Happiness is Overrated
Yes, “Happiness is Overrated”. Do you want to know why?
We are constantly searching for the ideal relationships, the ideal job, the ideal life… So, when we have conjured in our heads a picture of what these ideals look like, we constantly try to accommodate our fantasies and make them come true.
Do you know where this specific way of thinking and acting fails? We ultimately fail to recognize that accomplishments are not the only way to feel happy or fulfilled. It’s not about accomplishing everything you have set out to. It’s not about either being constantly happy and optimistic or always having positive thoughts and interactions.
It’s okay to be sad, it’s okay to sometimes feel miserable, it’s okay not to be always fully productive and have days when you are not in your prime.
What is happiness supposed to mean anyway? We are not even biologically programmed to be always happy. We cry, we get nervous and angry and our bodies have special mechanisms to deal with negative emotions because we are naturally programmed to have them.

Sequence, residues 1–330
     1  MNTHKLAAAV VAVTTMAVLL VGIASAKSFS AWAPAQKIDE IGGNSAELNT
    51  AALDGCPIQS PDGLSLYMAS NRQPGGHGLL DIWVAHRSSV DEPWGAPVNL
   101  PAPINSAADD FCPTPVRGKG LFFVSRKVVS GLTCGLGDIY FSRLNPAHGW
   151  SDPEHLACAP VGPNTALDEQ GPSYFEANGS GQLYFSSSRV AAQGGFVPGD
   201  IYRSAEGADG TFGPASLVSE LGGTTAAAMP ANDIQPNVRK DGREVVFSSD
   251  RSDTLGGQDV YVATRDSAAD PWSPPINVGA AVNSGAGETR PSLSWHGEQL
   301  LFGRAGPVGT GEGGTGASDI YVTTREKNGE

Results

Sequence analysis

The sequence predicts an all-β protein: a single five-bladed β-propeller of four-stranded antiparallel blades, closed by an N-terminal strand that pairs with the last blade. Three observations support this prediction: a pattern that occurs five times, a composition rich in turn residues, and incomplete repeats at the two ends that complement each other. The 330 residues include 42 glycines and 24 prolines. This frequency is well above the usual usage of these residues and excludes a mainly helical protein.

Do you know why else you shouldn’t always be happy? Because when you are always happy you can’t really strive to do better. Sometimes being always in a state of happiness can be against the process of self-improvement and evolving. What do I mean by this?
Have you ever feel so content that you laid back and said “Okay, now I am done. I have achieved what I was supposed to achieve”. Well, in that case, is that you relax and may even stop trying to do better because in your mind you have set a fixed limit for yourself. So, once you have reached that limit you might end up thinking “That’s it. I’ve done my best. I am happy now”.
But why restrict yourself, when in fact it is most likely that you can do more and better? The problem is that, as S. Stefan Karabacak says in his article Invisible Goals, “We, as human beings, tend to focus on the present and forget about the big picture”.
So what is the big picture? The big picture is not to always be happy, but to reflect on the sad, “imperfect” moments of your life and try to truly learn from them.